Currently, a handful of states explicitly recognize at least some limited form of the parent-child privilege statutorily. Massachusetts, Idaho, Minnesota, Connecticut, and Washington statutorily recognize some form of the privilege.
Although this is generally an issue for the legislature rather than for the courts to decide, a few courts have judicially created the privilege. First, New York’s case law created the right for a parent to refuse to reveal confidential information. In In re A&M v. Doe (1978), The Fourth Department of the Appellate Division recognized the privilege conveyed by constitutional considerations of familial privacy as well as the importance of open and trustworthy communications between children and parents. That court reasoned that “forcing a mother and father to reveal their child’s alleged misdeeds, as confessed to them in private, to provide the basis for criminal charges is shocking to our sense of decency, fairness and propriety”; also, in the likely event that a parents may refuse to disclose, a parent’s alternatives, such as risking being held in contempt or committing perjury, may encourage disrespect for the justice system. In People v. Fitzgerald (1979), a New York trial court recognized the privilege, which “prevent[s] forced disclosure by the State of confidential communications between a parent and a child of any age when the parties to such communication mutually assert such a privilege” (emphasis added).
Next, the U.S. District Court for the District of Connecticut has recognized the privilege with a First Amendment religious basis in In re Grand Jury Proceedings (Greenberg), 1982 WL 597412 (D. Conn. June 25, 1982) (see Under Seal v. United States(2014)).
In 1983, the U.S. District Court for the District of Nevada also created the privilege in In re Agosto(1983), stating that “the parent-child relationship exhibits similarities not only to the spousal relationship, which is based upon love and affection, but to the psychotherapist-patient relationship, which is based upon the guidance and ‘listening ear’ which one party to the relationship provides to the other party.”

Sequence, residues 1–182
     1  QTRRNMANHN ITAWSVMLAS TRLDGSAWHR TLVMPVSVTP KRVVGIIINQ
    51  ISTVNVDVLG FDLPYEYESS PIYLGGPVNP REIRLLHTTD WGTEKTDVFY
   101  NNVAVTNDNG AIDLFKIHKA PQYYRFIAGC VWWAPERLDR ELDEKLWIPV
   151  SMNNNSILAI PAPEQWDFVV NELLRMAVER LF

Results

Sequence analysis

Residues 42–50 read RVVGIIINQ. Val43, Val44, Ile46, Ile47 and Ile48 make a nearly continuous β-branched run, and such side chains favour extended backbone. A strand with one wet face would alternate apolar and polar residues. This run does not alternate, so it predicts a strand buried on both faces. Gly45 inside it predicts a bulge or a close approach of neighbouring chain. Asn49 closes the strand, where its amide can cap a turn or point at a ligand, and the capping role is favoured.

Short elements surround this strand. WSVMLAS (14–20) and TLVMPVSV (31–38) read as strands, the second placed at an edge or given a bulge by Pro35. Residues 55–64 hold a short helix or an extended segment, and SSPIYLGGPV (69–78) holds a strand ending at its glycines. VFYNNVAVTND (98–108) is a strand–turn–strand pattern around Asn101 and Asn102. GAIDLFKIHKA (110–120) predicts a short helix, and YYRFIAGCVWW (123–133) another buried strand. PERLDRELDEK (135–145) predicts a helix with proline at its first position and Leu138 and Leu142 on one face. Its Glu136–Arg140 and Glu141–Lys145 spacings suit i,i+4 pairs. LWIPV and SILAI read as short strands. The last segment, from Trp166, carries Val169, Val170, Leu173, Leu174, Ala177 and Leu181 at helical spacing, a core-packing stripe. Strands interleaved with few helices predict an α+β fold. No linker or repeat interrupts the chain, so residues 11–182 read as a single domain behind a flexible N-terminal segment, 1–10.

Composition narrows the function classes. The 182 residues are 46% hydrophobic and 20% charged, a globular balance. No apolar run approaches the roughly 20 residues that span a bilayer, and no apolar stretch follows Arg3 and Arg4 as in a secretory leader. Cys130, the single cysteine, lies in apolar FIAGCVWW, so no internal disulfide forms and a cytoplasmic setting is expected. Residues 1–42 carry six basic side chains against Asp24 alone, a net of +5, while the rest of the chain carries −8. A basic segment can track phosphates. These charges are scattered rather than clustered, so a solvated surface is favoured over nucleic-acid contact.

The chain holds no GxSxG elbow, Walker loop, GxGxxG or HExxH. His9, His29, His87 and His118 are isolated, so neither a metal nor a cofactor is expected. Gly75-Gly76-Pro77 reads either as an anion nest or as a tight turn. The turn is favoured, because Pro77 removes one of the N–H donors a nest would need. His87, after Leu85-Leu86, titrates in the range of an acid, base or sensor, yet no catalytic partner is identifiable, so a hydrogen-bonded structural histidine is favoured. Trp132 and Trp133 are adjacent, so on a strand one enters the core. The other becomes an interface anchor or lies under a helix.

Finally, the U.S. District Court for the Eastern District of Washington also recognized the privilege in In re Grand Jury Proceedings, Unemancipated Minor Child (1996) when the court held that the right of privacy encompasses certain private familial activities. That court stated that there is a “deep-seated sense of respect for the family on the part of state and federal prosecutors.” In 1997, Washington statutorily recognized the privilege.
Unlike adult spouses, children normally will not hire lawyers or psychiatrists, generally turning to their parents instead.
At this time, at least nine states recognize some form of the parent-child privilege. Perhaps the most compelling argument that the North Carolina General Assembly should consider is that it is necessary to protect a minor’s communication to a parent while seeking advice. Unlike adult spouses, children normally will not hire lawyers or psychiatrists, generally turning to their parents instead. Should the parent first advise the child that anything the child says can be used against him or her?
Most parents still teach their children to come to them when in need of help. One of the basic parental instincts is to serve as a mentor. This socially beneficial relationship’s development relies on unfettered communication that would be best supported by a parent-child privilege in criminal cases.